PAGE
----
The acquired company, English China Clays, PLC, is a British firm that owns an American subsidiary, English China Clays, Inc. (referred to collectively as “ECC”). ECC owns and operates a fully integrated GCC mining and processing facility across the street from the Georgia Marble/Alabama Carbonates facilities in Sylacauga.
According to the Justice Department, Imetal and ECC are the only two suppliers of GCC to paper mills in the Southeastern United States. It bears repeating that the CIS makes clear that GCC is a product market unto itself: “A small but significant increase in the price of GCC would not cause a significant number of paper customers currently purchasing GCC for coating applications to substitute other products.” CIS at 6.
The CIS also makes clear that GCC in the Southeastern United States is a geographic market: “Because of high transportation costs, sales of GCC tend to be regional rather than nationwide.” Id. at 7. The Antitrust Division's Complaint charges that the “development, production, and sale of GCC for paper coating applications is a line of commerce and a relevant product market” and the thirteen Southeastern states comprise “a relevant geographic market” within the meaning of Section 7 of the Clayton Act. Complaint, paras. 22, 28-30.
If the merger were left unchallenged, it would reduce a duopoly to a significantly enhanced competitor and a joint venture—Alabama Carbonates—at the mercy of the significantly enhanced competitor. Reserves of sufficient quality are “scarce” and “may be unavailable in the Southeast.” For this and other reasons, “new entry is unlikely to occur.” Complaint para. 42.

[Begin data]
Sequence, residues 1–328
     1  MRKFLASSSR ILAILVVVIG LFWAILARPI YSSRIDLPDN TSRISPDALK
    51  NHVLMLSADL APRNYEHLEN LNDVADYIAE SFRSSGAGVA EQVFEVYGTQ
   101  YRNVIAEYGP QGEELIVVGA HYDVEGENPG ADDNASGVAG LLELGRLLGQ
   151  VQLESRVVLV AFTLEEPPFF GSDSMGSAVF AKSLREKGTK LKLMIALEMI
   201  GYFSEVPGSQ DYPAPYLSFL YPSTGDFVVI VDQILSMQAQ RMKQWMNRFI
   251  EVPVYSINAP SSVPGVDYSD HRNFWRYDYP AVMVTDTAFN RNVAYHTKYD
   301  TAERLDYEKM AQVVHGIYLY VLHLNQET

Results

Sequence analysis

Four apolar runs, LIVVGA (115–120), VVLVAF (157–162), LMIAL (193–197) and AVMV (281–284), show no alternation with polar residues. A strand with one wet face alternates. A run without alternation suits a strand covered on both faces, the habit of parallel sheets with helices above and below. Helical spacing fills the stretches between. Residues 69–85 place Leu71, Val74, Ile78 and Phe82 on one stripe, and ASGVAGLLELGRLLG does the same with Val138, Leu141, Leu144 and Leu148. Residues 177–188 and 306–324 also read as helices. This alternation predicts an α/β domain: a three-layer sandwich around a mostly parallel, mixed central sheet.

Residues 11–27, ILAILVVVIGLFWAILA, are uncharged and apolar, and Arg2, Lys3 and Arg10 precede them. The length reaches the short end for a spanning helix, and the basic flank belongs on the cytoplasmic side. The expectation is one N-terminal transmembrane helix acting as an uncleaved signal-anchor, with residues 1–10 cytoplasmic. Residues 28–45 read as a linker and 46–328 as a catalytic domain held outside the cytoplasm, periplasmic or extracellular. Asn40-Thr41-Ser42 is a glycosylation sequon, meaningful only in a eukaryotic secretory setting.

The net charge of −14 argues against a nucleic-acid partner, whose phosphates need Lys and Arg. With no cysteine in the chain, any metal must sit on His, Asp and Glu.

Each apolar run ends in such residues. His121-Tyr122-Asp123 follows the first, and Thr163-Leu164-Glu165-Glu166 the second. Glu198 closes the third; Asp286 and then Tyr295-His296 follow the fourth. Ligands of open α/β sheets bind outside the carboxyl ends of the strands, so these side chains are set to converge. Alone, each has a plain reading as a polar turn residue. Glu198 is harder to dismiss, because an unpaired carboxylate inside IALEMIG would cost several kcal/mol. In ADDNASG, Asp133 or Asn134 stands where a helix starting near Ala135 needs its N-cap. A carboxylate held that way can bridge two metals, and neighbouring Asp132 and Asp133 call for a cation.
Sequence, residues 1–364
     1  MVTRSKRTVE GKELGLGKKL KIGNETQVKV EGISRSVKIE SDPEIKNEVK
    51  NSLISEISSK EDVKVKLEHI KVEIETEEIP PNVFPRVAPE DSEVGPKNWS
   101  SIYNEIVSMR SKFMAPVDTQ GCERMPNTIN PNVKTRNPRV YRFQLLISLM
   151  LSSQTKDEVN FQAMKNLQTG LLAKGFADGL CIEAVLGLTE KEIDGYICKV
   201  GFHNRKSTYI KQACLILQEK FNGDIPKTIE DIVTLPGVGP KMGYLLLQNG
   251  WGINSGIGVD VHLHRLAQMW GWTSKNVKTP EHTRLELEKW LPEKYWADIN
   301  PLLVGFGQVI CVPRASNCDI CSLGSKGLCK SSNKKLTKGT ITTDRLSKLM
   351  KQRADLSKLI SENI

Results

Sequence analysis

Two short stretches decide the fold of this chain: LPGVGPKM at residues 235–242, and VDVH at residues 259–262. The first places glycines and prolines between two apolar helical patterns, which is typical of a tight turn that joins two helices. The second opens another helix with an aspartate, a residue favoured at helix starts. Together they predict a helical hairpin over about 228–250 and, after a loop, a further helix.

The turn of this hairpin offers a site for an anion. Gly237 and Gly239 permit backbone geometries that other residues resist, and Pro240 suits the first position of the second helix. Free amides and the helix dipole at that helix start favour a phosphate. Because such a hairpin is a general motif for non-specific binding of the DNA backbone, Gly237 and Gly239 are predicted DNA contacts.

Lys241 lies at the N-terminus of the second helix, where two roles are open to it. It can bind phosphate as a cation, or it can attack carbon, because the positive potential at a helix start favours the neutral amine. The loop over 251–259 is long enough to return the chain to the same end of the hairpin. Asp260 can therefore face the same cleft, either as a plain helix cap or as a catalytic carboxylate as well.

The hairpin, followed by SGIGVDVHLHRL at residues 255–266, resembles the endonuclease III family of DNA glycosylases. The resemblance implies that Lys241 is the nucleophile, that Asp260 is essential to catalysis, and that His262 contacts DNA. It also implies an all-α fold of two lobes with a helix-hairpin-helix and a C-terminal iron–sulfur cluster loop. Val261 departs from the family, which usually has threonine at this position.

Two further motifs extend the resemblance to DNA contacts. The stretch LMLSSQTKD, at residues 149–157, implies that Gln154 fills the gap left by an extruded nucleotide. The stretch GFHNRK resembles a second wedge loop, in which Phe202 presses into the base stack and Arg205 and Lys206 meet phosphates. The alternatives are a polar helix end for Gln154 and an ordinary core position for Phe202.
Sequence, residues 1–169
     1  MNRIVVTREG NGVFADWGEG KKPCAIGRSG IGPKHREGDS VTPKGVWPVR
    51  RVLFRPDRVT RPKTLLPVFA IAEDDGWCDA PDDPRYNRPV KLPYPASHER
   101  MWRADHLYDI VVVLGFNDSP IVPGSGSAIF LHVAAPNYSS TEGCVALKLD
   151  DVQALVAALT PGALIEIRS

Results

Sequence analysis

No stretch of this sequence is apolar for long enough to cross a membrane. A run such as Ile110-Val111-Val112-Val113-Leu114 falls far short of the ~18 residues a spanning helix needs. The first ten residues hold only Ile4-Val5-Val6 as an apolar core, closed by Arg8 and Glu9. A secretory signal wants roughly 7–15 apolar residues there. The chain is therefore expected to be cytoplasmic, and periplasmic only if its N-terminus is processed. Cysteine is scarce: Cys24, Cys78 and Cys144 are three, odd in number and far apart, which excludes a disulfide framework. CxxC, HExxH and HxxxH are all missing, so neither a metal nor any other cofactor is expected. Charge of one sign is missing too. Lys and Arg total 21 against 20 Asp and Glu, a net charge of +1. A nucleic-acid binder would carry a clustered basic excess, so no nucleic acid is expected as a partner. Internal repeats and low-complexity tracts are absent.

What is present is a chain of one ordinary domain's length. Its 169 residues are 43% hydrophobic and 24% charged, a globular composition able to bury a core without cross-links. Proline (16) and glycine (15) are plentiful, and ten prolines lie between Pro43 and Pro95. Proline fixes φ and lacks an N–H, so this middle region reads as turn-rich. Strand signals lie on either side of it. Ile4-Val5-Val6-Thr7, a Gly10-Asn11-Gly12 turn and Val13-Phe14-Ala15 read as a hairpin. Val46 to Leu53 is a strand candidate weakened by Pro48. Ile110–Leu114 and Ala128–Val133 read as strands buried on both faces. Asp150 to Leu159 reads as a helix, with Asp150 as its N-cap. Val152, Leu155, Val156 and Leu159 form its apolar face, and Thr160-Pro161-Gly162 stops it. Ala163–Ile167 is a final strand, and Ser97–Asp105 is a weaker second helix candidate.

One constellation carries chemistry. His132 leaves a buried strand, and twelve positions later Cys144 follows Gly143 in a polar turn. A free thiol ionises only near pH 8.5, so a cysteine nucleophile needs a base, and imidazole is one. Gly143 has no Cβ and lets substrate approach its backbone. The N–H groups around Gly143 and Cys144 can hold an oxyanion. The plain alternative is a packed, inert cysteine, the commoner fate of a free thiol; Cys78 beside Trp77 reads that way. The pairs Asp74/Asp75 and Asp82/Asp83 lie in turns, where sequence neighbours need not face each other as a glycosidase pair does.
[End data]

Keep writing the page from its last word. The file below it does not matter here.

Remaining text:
It is axiomatic that reduction from two viable, active competitors to a monopoly in a particular geographic and regional market clearly violates Section 7 of the Clayton Act, 15 U.S.C. § 18, because the merger's impact “may be substantially to lessen competition or to create a monopoly.” Under the Herfindahl-Hirschmann Index (“HHI”), the minimum pre-merger HHI of a two-firm market is 5,000, over two and a half times 1800, the HHI index the Merger Guidelines call “highly concentrated.” After any merger, the HHI could be as high as 10,000, the maximum HHI possible. U.S. Department of Justice and Federal Trade Commission. Horizontal Merger Guidelines § 1.51 (1997).
How does the Antitrust Division propose to remedy this clear competitive problem? By replacing a duopoly with a monopoly and a potential competitor that the Antitrust Division apparently hopes will enter. The proposed Final Judgment requires a number of steps that the Antitrust Division apparently hopes will become the predicate for further entry by another competitor.
The proposed Final Judgment requires: (1) that Georgia Marble dives its interest in the Alabama Carbonates wet-processing facility; and (2) that Imetal/Georgia Marble and/or ECC divest sufficient GCC reserves for Alabama Carbonates to operate at its maximum stated contractual capacity for 30 years. The divestiture of reserves is designed to reduce Alabama Carbonates' dependence on Georgia Marble's reserves and dry processing facilities.
The theory of the proposed Final Judgment is, apparently, that access to these divested reserves is the “minimum” that will be sufficient for Alabama Carbonates “to consider making the required investments in processing facilities.” CICS at 15 (emphasis supplied). In order to effectuate the hoped-for transition, the proposed Final Judgment requires defendants to provide Alabama Carbonates with feedstock for a period of up to three years.
The proposed relief is plainly insufficient under the Clayton Act, the merger Guidelines, and the rule of common sense. Competition in this market is already fragile. There are two competitors only. Under the proposed decree, there is no guarantee that there will even be two competitors in the future, much less two effective competitors. The CIS has no finding, much less a requirement, that Alabama Carbonates will actually enter the market. There is only a hope that if it can gain access to a “minimum” of reserves, Alabama Carbonates will “consider” making the necessary investment to enter the market.